American jury ranked him very low along with the likes of William Taft and George
Bush - the man he defeated. For Clinton, this is like adding insult to an injury.
Clinton is given a mere grade C! Abraham Lincoln was a grade A president. George
Washington was graded B. He may even get a D now that Paula Jones has won a Supreme
Court battle. The Supreme Court unanimously voted last week that a sitting president
has no constitutional immunity from civil law suits while in office, clearing the
way for Paula Jones to pursue a sexual harassment case against Clinton. The president
might just have to grin and bare (correct) it.
Are you worried about your children's or grandchildren's education? Is it the worry
about the rising cost of quality education or the general deterioration of educational
standards all over the world?
As I said I was in Indonesia three weeks ago. Changes in Indonesia and also at home
are always a critical test of my personal capacity to respond positively to any shift
in these essentially Bahasa Melayu speaking nations. Before their independence in
1945, Dutch was the language of the Indonesian elite, now it is English. In our case,
English remains the language of the ruling class with Bahasa Malaysia.
An Indonesian mother, wife of a merchant - once she knew I was from Kuala Lumpur
- politely asked if the Tuanku Jaafar College in Seremban were a good boarding school.
She wants her children to be educated in an English-medium school. An expatriate
friend in Ampang Hilir is sending his children to a boarding school in England because
it seems that none of the international schools in the federal capital meets his
demanding standards. His detractor claims that none of his children can cope with
either the Alice Smith School or the International School.
In any event education and educating our children have become a bit complicated.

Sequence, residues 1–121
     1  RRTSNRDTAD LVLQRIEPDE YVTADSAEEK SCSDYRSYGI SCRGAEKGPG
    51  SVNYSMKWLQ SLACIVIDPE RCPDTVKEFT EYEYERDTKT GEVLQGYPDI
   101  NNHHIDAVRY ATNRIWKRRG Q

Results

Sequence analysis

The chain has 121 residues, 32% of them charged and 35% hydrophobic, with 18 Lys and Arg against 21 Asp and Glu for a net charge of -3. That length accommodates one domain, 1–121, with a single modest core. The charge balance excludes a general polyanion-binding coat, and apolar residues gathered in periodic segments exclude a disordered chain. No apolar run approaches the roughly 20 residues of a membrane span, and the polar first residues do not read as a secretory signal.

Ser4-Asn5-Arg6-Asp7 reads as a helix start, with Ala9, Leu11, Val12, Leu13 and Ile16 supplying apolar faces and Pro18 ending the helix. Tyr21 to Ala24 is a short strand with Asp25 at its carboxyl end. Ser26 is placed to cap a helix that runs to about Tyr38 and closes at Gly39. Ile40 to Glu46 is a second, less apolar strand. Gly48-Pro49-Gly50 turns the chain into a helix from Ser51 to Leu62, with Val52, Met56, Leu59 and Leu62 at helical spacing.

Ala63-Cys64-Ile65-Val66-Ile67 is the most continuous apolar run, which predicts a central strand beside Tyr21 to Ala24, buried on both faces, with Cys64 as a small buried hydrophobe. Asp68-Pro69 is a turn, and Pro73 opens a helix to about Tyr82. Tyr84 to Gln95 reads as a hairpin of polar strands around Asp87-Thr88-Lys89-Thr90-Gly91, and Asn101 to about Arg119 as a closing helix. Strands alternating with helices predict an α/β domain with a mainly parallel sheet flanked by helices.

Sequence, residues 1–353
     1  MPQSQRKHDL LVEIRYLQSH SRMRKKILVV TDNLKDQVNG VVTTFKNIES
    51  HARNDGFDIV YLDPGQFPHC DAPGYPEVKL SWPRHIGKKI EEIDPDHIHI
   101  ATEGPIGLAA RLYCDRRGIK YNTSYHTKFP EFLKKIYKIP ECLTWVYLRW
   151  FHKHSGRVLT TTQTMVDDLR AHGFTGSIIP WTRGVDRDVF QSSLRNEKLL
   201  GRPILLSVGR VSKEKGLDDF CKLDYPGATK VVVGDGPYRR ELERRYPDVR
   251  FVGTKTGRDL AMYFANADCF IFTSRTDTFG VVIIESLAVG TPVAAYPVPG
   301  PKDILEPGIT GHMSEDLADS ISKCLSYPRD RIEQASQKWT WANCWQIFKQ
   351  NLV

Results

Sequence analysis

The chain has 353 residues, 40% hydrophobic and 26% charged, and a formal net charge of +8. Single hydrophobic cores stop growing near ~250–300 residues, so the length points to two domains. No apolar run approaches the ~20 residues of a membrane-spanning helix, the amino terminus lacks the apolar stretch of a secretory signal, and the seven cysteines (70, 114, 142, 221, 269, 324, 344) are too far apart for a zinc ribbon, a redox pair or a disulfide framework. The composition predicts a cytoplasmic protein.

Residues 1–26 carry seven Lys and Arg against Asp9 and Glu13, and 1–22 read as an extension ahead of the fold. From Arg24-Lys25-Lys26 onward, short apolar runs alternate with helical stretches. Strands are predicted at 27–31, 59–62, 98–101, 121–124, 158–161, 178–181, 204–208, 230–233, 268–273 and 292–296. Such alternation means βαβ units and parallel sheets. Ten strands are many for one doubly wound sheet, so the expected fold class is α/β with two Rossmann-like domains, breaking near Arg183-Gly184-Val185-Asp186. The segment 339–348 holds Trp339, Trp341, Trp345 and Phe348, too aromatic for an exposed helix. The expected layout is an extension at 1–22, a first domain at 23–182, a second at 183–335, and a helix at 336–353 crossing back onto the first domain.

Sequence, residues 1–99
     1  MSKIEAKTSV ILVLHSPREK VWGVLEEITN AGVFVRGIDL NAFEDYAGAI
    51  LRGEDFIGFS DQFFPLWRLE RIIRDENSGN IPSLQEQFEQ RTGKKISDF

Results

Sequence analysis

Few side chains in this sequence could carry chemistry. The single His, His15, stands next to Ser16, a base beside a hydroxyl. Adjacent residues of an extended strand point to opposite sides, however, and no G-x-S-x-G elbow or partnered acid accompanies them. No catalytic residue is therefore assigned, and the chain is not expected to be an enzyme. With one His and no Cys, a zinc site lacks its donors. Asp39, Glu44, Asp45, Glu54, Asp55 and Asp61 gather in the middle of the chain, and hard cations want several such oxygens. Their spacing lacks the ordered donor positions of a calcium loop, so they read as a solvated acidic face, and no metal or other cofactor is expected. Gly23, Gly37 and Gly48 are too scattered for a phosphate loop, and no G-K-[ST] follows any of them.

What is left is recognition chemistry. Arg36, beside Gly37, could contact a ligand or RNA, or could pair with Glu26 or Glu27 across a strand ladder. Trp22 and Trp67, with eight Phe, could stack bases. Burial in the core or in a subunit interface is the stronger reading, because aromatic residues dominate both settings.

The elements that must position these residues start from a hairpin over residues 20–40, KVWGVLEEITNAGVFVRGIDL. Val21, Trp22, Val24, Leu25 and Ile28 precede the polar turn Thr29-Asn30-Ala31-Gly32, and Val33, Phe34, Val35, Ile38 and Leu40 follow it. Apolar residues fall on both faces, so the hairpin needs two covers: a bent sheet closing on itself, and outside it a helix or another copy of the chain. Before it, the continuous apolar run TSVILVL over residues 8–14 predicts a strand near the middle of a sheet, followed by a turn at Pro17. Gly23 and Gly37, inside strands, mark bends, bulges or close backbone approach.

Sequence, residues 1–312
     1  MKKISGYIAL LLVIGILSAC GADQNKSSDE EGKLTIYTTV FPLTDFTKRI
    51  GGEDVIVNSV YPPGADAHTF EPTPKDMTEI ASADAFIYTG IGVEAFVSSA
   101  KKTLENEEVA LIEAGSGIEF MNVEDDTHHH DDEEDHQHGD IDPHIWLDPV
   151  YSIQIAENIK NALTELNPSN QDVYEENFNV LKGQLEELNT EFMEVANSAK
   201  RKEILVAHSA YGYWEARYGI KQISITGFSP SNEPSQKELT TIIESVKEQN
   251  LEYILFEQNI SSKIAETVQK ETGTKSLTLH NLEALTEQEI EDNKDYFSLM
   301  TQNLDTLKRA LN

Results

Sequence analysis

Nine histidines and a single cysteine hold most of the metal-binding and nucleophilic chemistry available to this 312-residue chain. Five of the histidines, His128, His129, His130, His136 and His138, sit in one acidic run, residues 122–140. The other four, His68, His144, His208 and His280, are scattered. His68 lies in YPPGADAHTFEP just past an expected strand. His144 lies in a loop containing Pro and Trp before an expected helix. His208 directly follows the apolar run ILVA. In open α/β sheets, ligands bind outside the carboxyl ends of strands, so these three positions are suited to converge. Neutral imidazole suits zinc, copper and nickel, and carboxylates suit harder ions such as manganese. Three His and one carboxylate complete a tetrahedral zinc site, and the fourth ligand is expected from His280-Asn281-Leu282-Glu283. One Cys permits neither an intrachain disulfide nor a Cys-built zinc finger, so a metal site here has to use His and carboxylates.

Choosing schools is torturous. Sending a child closer to home should be considerably
cheaper but is it in the long run?
Thank God I had an easy time choosing schools for my children. I risk being accused
as an Anglophile if I said that Britain is fortunate in having two great systems
of education. Notwithstanding what the labour government's policy towards public
schools may be, one of the blessings of being British is that they can choose where
their children should be educated, either at a public school or state school which
exist side by side.
The state schools have been in existence for more than 160 years and the system ensures
that every British child or any child living in Britain can receive free schooling
up to a certain level and age.
The public schools numbering some 2,300, are run by the private or independent sector.
Although the public school is a primarily English institution, there are such schools
in Scotland, Ireland, Wales, Australia, United States, Canada, Pakistan, Egypt, India
and Thailand. Old boys and girls of these schools, whether Indian, Egyptian or Thai,
have a unique tradition, and the old school network is robust and unparalleled, and
the envy of old pupils of other schools.